The rise of the Khaleeji Woman as online content creators (part two)

As it’s International Women’s Day, I couldn’t wait any longer and, I’ll be brutally honest, I wanted to see lots of cake porn! Here’s the second of a two-part guest blog on how women across the Gulf are using social media and their skills not only to create entertaining and informative content, but to also earn a living. In this second post, Paul Kelly, creative director and co-founder at Digital Ape, argues that brands need to rethink how they both develop and execute content creation strategies with online female content creators in the Gulf. Enjoy the read, and let Paul know what you think!

During the last post, we discussed a survey of MENA based women, and their attitudes to content, particularly food content online. This week we will focus on the content creators who these surveyed women follow and imitate. We will look at how they are creating engaging content and why that matters for brands and publishing houses alike.

How are they doing it?

People are attracted to people. If I can find someone online, who understands what happens in my day, speaks my dialect and knows what I need better than say a publisher in Dubai, then I will follow their content, and my friends will too.

Women across the GCC are doing this in their millions, Khaleeji women want to see themselves reflected in their entertainment, and they want advice and recommendations tailored to them. Gone are the days when they must consume content created by an American in New York, and served to them on TV or in print. Women from the UAE to Saudi and beyond and seeking out other women who look like them, speak like them and understand their lives.

This I believe is one of the reasons why old fashioned publishing houses, should be quaking in their boots. As much as we try, Western or Levantine men in Dubai will never truly understand what Khaleeji women want in entertainment content, and now that they have a choice, these women will choose to consume content made by their peers and when that happens at scale, these content creators become publishers in their own right.

A content creator who builds an audience and keeps them engaged is no different to a publisher, and creators with a female Khaleeji audience, have an audience underserved by content, and exponential growth rates equal revenue.

The train-wreck.

So how has it come to influencers being ridiculed for their work? Worse still, how has it come to people calling themselves influencers, buying audiences and getting a free meal ticket?

Aside from the typical Dubai-syndrome of echo chamber marketing; it’s a mix of naïve marketing managers chasing trends, agencies ill-equipped for creative relationships (trying to replace banner ad revenue) and people who see social media as a shortcut to making a quick dirham.

Instead of actively investing the time needed in these powerful communities, brands, in place of real strategies, throw wads of cash at so-called influencers and hope for big results, often leading to disappointment.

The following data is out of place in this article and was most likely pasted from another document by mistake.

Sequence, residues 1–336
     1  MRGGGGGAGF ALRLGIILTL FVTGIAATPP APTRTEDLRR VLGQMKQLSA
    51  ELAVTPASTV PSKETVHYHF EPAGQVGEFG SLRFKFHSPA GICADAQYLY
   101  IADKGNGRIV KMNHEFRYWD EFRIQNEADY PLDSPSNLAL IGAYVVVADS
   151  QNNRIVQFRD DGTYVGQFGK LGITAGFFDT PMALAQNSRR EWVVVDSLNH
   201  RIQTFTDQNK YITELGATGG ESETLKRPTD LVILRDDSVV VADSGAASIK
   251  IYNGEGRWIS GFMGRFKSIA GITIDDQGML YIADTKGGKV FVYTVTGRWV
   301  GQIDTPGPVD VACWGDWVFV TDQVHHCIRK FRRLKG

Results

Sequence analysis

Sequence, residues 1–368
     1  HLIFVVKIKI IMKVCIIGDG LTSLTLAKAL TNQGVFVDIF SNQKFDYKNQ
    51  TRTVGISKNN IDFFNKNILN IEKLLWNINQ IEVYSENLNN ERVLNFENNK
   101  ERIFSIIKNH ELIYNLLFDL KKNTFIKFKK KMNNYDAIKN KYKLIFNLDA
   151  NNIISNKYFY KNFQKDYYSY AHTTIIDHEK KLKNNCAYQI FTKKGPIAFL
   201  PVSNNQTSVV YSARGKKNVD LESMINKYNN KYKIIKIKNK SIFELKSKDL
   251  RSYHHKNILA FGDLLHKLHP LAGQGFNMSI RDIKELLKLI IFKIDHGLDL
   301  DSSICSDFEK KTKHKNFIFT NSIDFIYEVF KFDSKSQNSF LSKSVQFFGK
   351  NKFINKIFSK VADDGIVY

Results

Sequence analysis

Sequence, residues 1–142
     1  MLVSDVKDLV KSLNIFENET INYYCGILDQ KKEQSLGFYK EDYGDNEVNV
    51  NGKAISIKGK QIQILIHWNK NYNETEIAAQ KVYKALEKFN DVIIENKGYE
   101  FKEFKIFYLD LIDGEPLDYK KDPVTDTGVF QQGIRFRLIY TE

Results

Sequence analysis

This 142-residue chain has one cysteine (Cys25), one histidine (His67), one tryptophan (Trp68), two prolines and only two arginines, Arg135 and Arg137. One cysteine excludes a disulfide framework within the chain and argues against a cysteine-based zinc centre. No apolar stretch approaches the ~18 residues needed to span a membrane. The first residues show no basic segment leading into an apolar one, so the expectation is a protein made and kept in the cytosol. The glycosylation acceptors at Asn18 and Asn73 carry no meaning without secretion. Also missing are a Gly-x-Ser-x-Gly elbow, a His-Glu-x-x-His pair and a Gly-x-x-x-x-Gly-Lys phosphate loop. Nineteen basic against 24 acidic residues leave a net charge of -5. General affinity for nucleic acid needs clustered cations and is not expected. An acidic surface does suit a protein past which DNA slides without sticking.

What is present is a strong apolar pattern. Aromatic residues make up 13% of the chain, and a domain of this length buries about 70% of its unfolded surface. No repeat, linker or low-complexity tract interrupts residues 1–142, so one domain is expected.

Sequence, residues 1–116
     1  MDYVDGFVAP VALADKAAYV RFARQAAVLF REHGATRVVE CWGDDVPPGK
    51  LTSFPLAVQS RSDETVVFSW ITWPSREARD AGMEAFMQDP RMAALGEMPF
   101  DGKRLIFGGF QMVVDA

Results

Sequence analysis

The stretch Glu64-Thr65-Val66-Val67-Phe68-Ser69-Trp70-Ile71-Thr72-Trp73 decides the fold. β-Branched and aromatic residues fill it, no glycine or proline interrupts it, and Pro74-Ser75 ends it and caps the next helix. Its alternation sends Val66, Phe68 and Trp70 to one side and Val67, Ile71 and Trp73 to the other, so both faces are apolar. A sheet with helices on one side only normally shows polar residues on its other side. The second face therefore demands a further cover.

At Digital Ape, we’ve got this down to an art. Just like money is a hygiene factor when it comes to employment, so too is it when it comes to dealing with real people creating content. It’s about giving content creators what they need; Props, filming equipment, sessions with filmmakers, assistance in real-time sessions with editing, contract help, this way everyone gets the best of the relationship. Creators develop better content with help from the brand thereby growing audiences, which in turn helps the brand. Women develop a revenue stream from content that fits and that the audience understands. This isn’t horse trading it’s about developing a win-win situation for creators, brands and audiences.

Find the fit for your brand by having an empathetic network of people to draw on, then seek out their audiences. Work WITH them. Don’t use influencers, work with your content creators. It’s an investment that pays handsomely.

 The future.

It’s no surprise that local publishing houses are scrambling to get on board with the creator craze – they after all, were the content creators and influencers of an older generation. Less able to respond to a new reality of screens and pixels, and even less able to understand how to convert revenue from the eyeballs they’ve been left behind as content becomes borderless and habits are quickly changing.

After all, is what someone like PewDiePie doing any different to what VICE was doing in 2010? Arguably with 54mn subscribers (at time of writing) on YouTube he has as much impact as a medium sized cable network. Is Kim Kardashian any different to Hello! Circa 1998? Her ability to shift units of anything she sells is phenomenal.

Some will argue until that until we have proper regulation in the GCC we’ll never achieve a level of sophistication that will mean any content creator is taken seriously.

Forget that.

What I am, and us at Digital Ape say, is that the content creators are the new publishers. Instead of being locked up in an edit suite at MBC, they are at home in their own bedrooms with their phones, doing the exact same thing, for an audience which increases with every post.

What we are seeing is a new model of content democracy where the 1% who make the content for the 99% are now starting to take back their revenue. Where once it was the Newscorps or CNN’s or ITP’s relying on their talent to sell time, space or inches, it’s now the Felix’s, Rayyan’s and countless mothers, wives and daughters who have a passion to create that will shape our entertainment for the next 20 years.

Digital Ape’s research with MENA women underlines the role digital plays in offline purchase intent

Pokemon Go and the Middle East – Advertiser, Brand and Consumer Reactions to the Global Craze